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Appears in Collections:Law and Philosophy Blog Posts/Website Contributions
Title: Emergency Remote Teaching: a study of copyright and data protection terms of popular online services (Part I)
Author(s): Ducato, Rossana
Priora, Giulia
Angiolini, Chiara
Giannopoulou, Alexandra
Justin Jütte, Bernd
Noto La Diega, Guido
Pascault, Leo
Schneider, Giulia
Keywords: copyright
European Union
Issue Date: 27-May-2020
Date Deposited: 27-Aug-2021
Citation: Ducato R, Priora G, Angiolini C, Giannopoulou A, Justin Jütte B, Noto La Diega G, Pascault L & Schneider G (2020) Emergency Remote Teaching: a study of copyright and data protection terms of popular online services (Part I). Kluwer Copyright Blog [Blog post] 27.05.2020.
Abstract: Very few institutions were prepared for the transition to distance learning. Although most teachers would have been familiar with online learning platforms and communication services, the swift move to Emergency Remote Teaching (ERT) took most universities by surprise. Some universities were able to rely on licensed software, repurposed to instruct students, and provide their staff with appropriate training. Others left it to their teachers to identify software and IT services for delivery of teaching. In both scenarios, institutions and teachers had little time to assess the suitability of the online tools in the requisite detail. As preliminary data are showing, the use of online videoconferencing and e-learning platforms under ERT circumstances raises several points of concern in terms of privacy and data protection (see here, here and here) as well as intellectual property, in particular copyright law (see here, here and here). This series of two blogposts intends to shed light on the critical aspects of and potential “creepy” functions hidden in the jungle of terms of service and privacy policies of online services used for ERT. Our aim is to verify whether sufficient and clear information is provided, in order to enable teachers to carry out teaching activities and interact with their students without uncertainties as to the potential legal consequences of their use and concerns regarding the protection of their personal data.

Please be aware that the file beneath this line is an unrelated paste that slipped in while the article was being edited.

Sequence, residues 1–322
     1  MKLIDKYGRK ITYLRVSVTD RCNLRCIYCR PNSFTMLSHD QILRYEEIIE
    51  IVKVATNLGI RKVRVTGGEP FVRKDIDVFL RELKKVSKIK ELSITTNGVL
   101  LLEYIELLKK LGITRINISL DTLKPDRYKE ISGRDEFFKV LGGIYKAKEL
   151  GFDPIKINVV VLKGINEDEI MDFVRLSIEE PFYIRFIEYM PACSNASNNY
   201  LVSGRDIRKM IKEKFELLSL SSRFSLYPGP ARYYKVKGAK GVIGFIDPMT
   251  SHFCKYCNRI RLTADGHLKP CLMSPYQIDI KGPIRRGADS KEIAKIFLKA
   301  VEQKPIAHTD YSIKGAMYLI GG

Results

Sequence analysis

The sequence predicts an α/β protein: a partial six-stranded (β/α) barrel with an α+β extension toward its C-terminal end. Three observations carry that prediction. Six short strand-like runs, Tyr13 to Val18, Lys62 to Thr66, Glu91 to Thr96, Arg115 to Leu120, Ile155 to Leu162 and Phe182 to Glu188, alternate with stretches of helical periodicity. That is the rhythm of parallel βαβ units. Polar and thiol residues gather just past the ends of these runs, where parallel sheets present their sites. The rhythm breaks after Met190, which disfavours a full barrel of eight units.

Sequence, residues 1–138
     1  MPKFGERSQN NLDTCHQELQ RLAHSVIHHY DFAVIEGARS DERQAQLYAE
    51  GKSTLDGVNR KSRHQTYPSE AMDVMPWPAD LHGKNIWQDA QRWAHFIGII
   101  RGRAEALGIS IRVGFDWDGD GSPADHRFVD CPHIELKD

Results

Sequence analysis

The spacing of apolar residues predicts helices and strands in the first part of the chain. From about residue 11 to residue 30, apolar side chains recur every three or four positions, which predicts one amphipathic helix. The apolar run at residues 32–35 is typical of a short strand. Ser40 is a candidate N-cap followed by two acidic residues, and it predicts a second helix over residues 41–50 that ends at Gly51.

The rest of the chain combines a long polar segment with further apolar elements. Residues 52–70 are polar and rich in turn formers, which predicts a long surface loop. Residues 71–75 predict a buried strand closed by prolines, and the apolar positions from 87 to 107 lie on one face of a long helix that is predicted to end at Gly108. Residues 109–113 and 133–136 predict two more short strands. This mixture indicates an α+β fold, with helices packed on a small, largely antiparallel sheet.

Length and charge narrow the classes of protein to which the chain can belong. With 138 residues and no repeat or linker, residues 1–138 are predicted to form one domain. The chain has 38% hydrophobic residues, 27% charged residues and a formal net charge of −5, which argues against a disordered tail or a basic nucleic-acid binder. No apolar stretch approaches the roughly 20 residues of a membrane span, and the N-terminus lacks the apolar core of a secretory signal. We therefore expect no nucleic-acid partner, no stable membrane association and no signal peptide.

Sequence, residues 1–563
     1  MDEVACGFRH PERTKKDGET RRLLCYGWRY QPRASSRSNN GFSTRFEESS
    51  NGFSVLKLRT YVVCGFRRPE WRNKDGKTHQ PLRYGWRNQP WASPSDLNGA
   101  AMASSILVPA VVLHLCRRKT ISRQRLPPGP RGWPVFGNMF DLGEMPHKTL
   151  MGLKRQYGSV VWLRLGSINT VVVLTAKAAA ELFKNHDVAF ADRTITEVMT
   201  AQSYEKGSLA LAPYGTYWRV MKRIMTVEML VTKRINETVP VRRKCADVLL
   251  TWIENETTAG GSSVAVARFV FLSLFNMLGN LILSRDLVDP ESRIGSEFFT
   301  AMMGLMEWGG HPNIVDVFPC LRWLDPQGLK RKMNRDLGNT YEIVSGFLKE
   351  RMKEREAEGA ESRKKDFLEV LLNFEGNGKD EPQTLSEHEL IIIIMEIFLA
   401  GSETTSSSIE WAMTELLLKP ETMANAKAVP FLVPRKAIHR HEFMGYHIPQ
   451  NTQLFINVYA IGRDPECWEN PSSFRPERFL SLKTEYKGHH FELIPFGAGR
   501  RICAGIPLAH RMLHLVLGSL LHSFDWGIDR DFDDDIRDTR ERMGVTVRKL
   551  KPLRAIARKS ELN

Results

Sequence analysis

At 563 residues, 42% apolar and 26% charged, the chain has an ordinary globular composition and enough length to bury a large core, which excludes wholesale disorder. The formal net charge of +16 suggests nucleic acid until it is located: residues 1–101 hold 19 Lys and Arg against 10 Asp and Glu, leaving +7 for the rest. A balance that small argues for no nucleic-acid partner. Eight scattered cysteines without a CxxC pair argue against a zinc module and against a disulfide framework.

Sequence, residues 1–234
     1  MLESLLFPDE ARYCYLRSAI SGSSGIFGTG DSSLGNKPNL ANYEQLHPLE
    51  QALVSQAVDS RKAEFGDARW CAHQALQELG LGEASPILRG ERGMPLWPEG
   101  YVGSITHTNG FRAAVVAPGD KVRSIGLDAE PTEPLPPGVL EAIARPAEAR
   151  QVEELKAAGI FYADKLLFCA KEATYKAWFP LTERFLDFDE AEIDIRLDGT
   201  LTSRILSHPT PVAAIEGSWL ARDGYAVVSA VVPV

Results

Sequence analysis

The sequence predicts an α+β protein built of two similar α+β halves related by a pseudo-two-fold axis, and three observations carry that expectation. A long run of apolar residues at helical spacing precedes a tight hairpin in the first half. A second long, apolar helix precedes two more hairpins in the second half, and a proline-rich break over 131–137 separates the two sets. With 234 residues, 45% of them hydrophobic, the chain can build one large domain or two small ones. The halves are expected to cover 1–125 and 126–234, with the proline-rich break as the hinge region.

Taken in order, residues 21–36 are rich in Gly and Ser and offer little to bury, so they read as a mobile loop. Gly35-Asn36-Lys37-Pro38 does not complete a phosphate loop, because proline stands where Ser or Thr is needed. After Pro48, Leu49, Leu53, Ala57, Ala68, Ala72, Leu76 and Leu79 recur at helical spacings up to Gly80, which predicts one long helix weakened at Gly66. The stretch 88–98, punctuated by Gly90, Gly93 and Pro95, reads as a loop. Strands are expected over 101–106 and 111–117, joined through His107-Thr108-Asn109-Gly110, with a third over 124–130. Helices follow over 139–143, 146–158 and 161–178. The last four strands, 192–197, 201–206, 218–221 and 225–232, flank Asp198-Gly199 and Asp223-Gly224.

Rights: Authors retain copyright. Proper attribution of authorship and correct citation details should be given.
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